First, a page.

We rounded out the day with dressing the cat, coloring paper dolls, and baking a chocolate cake. She looked tired, but happy. Her mother looked tired after an important work day. And grandma drove home, happily tired out after an unexpected play day.

IMG_6051

Birkebeiner or Bust

Birkebeiner photo credit to Joy Jurewicz

It was bust for me. Even though I had every intention of going—- since March 2018.

I asked Crystel right after the 2018 Birkie if she would like me to plan a Birkie outing for 2019.

I had a lodging reservation within days of her saying, “Yes.”

I did everything that one would do to accomplish their goal. I wrote it down. I emailed an invitation to a group of people and I set it in my mind that I would get out on the ski trails.

Birkie 2019 was going to happen for me.

Even so, today, I’m sitting on the couch in my living room while Crystel, Jody, and friends are at Birkie 2019. When it became obvious that I wasn’t going to go to the Birkie, even though I was the organizer, Jody stepped in and took the reins.

What happened?

It wasn’t the three lodging changes. My first reservation was canceled when the resort was sold, the second reservation when the owner decided to move back home. I reserved a third lodging option. After the sale didn’t go through on the first reservation, I reserved our original lodging. I remained steadfast throughout.

I must have appeared as if I was in the throes of a personality disorder as I continually updated our group on lodging changes.

On the bus to the start. Crystel and Allie

It wasn’t that I didn’t get out and ski. I skied two or three times. Enough to know that I could do the Prince Hakken 15K, the shortest race of the Birkebeiner.

No, it was something else entirely. Something I had to face. Because even though I did have meniscus surgery three weeks prior to Birkie 2019, I could have joined our group and been a spectator.

It was the fact that I knew that I would be miserable. I had to acknowledge it. All the facts pointed to it. I don’t like the cold.

I had a goal this year to be at every high school Nordic ski race. I was determined. I declared to Juan Jose’ and Crystel that in 2018-2019 I’d be at every meet. In their 2017-2018 season, I made it to half of a race. I say half, because I never showed up at the start line. Instead, I snuck on the course at Hyland Hills, by walking through dark woods in deep snow. I stood at the edge of the lighted ski path, yelling, “Go Crystel, go!” to anyone who looked remotely like her.  Later, I did learn that one of her friends heard me. It could have been her that I thought was Crystel. Skiers are bundled from their neck up, hiding themselves from the frigid air. With uniforms that hug their slight bodies, they all look alike. I hadn’t been to enough races to know Crystel’s nuances.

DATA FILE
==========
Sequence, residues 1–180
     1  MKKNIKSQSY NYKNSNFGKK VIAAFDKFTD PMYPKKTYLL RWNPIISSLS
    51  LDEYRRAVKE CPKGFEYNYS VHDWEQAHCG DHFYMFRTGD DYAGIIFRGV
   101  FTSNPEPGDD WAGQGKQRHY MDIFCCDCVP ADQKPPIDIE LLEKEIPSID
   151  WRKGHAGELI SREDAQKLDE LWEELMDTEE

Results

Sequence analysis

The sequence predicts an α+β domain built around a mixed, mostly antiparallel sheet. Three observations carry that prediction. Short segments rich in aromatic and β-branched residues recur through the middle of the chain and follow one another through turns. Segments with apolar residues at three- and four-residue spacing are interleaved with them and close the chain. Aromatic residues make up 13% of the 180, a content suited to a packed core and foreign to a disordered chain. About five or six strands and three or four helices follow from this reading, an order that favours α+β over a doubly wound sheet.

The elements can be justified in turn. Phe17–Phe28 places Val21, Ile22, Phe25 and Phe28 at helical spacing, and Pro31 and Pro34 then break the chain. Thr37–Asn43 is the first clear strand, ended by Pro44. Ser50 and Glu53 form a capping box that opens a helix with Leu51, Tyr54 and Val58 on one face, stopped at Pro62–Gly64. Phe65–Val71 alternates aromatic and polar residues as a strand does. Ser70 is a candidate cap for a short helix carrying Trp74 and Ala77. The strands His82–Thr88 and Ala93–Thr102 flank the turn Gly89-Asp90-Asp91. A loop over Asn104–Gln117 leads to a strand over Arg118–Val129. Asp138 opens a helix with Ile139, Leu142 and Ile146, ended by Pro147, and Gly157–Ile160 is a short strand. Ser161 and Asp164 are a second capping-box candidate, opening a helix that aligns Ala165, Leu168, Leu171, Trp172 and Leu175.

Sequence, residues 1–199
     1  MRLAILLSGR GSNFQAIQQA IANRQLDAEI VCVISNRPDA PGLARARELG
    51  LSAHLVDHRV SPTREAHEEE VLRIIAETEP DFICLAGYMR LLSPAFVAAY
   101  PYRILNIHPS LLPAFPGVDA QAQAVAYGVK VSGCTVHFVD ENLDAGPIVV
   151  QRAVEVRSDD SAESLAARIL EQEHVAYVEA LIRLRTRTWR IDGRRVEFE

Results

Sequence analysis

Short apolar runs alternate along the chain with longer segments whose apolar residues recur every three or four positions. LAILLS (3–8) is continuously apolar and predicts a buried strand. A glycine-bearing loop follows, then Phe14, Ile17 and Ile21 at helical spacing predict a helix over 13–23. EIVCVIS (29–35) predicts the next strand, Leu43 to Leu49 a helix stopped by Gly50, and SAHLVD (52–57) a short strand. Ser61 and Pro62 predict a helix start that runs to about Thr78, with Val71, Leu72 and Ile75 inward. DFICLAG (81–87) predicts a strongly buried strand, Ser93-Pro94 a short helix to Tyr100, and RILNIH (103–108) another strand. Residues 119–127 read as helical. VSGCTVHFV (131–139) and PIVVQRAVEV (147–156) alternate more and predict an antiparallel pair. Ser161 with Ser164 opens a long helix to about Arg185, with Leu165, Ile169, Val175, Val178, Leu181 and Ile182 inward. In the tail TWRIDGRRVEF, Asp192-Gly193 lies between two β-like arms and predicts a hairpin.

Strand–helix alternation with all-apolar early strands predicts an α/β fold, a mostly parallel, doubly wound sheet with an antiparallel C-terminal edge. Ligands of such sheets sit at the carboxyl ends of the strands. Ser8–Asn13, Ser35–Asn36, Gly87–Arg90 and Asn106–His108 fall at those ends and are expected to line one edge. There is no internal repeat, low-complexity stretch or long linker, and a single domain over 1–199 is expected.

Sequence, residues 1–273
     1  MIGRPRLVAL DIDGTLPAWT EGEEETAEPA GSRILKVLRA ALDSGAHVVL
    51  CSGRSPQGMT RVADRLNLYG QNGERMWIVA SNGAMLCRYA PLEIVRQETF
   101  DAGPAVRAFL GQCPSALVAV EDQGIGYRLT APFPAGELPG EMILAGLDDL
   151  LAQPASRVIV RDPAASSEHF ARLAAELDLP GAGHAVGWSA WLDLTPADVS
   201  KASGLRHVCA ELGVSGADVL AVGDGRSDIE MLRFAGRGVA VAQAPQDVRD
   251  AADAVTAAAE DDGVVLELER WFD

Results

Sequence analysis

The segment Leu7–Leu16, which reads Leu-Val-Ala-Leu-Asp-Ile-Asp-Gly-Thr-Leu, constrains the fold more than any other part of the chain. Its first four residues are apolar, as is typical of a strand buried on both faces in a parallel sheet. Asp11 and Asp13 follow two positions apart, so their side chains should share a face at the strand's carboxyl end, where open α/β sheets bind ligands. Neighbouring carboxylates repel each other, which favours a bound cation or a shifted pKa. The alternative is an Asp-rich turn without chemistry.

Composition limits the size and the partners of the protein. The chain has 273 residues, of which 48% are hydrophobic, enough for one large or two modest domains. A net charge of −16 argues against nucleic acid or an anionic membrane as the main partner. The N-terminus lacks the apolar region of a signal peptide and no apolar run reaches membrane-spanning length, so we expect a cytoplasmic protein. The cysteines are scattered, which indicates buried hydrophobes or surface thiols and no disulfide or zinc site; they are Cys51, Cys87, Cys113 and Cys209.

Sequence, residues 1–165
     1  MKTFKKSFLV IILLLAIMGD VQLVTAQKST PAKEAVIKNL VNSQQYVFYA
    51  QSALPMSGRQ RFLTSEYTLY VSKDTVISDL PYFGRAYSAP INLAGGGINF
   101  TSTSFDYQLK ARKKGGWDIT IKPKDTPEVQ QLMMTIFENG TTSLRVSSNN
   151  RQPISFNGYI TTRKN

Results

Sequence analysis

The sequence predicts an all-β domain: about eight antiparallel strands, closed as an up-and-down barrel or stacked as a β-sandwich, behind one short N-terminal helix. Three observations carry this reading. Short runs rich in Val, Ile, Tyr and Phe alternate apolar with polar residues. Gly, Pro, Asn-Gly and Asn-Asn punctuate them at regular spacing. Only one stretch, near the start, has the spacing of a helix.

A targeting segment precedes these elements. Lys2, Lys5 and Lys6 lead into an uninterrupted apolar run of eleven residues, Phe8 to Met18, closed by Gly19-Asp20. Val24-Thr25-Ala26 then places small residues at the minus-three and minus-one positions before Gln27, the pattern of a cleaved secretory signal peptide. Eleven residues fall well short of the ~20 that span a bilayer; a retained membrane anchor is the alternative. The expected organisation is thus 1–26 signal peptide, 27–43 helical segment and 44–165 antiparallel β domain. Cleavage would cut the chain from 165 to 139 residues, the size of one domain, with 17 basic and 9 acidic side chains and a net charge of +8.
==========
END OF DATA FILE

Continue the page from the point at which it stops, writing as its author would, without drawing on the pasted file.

Athletes

I knew Juan’s. He dislikes the cold as much as I do. And, he’s on the team. If a race was optional, which this one was, he usually chose not to participate. I didn’t have the heart to tell him that he must. Heck, I couldn’t get out to even one race in 2017-2018. This season I didn’t go to any.

Jody told me not to discourage the kids. I didn’t, I insisted. I just looked at her skeptically each time she headed out to a meet. “Why do you do it?” I asked her. “Why?”

She said it’s fun and that she likes the community.

Jody and Nicole

I scanned the crowd at the Nordic ski award banquet this year. Yes, the people seemed nice and the end of season slide show didn’t make me cold in the heated auditorium where we sat listening to the accolades.

There wasn’t a bad parent award. Thought I might get that one if there was.

Maybe I will get out next year to a Nordic ski race.

But, let’s face it, probably not.

 

Three Keys . . . to What?

My key ring has a nice heft—it’s big enough that I can feel it in my down coat pocket even when I’m wearing puffy mittens.

Part of the bulk comes from a beat-up green aluminum bottle opener my son gave me when I admired his. I used to keep a miniature red Swiss Army knife in my purse because it had a bottle opener, which was handy on picnics for opening pop, and occasionally, beer. After I’d thrown away several forgotten knives at airport security, I wanted a different solution.